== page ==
Humanitarian Aid, Being Gifted, SILVER over gold - Globe & Mail

Is Humanitarian Aid bad for Africa?

The starving children of Ethiopia were not the victims of drought, as most people believed. They were the victims of politics. The government was using famine as an instrument of war, and the rebels were more interested in defeating the government than in feeding victims. Political famines attract aid, with the consequence that governments or rebels can feed their won armies and divert resources to buy weapons.

Most of us believe that humanitarian aid is a morally pure way to respond to suffering in the world.

The colonial mindset of ‘we know best’ has surely persisted; the trouble is that we haven’t learned the difference between doing good and feeling good. Until we do, many of our aid efforts will be worse than useless.
- Margaret Wente


The Curse of giftedness

Their intellectual gifts mean they are even more aware of the flaws in their clay, of how short they fall from self-imposed goals. “People are forever telling me the achievements of my life and yet I feel I’ve accomplished nothing – nothing compared to what I might achieve

Success in school does not predict success outside of it.

Empathy, like creativity and imagination, is not something that intelligence tests are good at identifying.

…was an overweight couch potato, depressed at his failure to live up to his parents’ expectations, but once he escaped, he blossomed as an adult to become happy…

Love all the child’s gifts and faults. The concept of ‘gifted child’ is a man made phrase, an arbitrary line.
- Elizabeth Renzetti

Gifted: it implies that something was bestowed on them, the ‘gift,’ instead of that they’ve worked for it.

The kids who need help are those at risk of dropping out or failing because they are facing emotional and social problems. In many cases giftedness is not a badge of distinction so much as a life problem that needs solving.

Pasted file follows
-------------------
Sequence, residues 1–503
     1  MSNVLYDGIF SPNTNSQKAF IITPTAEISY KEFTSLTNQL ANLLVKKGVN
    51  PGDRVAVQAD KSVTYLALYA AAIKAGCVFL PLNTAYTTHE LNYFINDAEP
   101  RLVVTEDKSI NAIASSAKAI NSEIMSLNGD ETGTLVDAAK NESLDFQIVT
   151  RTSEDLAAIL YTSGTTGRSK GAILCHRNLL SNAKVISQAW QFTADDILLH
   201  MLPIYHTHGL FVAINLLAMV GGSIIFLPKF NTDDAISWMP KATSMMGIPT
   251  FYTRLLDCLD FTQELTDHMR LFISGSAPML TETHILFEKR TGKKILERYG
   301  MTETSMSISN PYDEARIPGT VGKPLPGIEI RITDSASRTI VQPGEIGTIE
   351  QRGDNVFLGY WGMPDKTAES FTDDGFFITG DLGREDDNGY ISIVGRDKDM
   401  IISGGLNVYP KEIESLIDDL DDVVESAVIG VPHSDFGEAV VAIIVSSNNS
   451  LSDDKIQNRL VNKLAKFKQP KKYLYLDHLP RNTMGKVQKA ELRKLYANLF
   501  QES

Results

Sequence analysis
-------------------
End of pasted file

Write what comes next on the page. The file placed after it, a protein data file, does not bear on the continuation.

It brings with it other issues, including heightened sensitivities, including heightened sensitivities, perfectionism and social deficits.

30% of the kids had learning disabilities along with their giftedness. Among other things, being ‘gifted can lead to bullying and social isolation.

Gifted kids will often experience their giftedness as a big bag full of expectations. So there’s some anxiety about being able to live up to those expectations.

Supported Failure – asking open ended questions – such as whether euthanasia is ever justified- so they can experience the (frightening) truth that there’s not always a correct answer.

Fixed mindset vs. Growth mindset.
Children who are designated bright after an IQ test are less likely to try potentially difficult tests; over time, they often fail to match their original scores. Kids praised for their effort, not their smarts = those with a growth mindset – were able to improve their scores by 30%.

Do we want to be remembered as people who categorized and labelled children (to their detriment), or as people who helped all children fulfill their potential?
- Tralee Pearce


An Industrial Strength Argument for Silver over Gold

Silver is essentially an industrial metal, and should trade on supply/demand fundamentals.

It typically outperforms gold in times of economic recovery; it responds to the increased demand that an economic expansion implies. Financial demand for precious metals can be fickle. Gold has much greater exposure to ‘financial demand – purchases made by investors – leaving it more exposed to the changing moods of the market. [Bulsing] feels most comfortable with the metal that has the strongest fundamental demand.
- David Parkinson

“To me it comes down to choice. I am not interested in imposing my views on anyone any more than I’m interested in having their views imposed on me.” – Danielle Smith


Globe & Mail
Nov. 13, 2010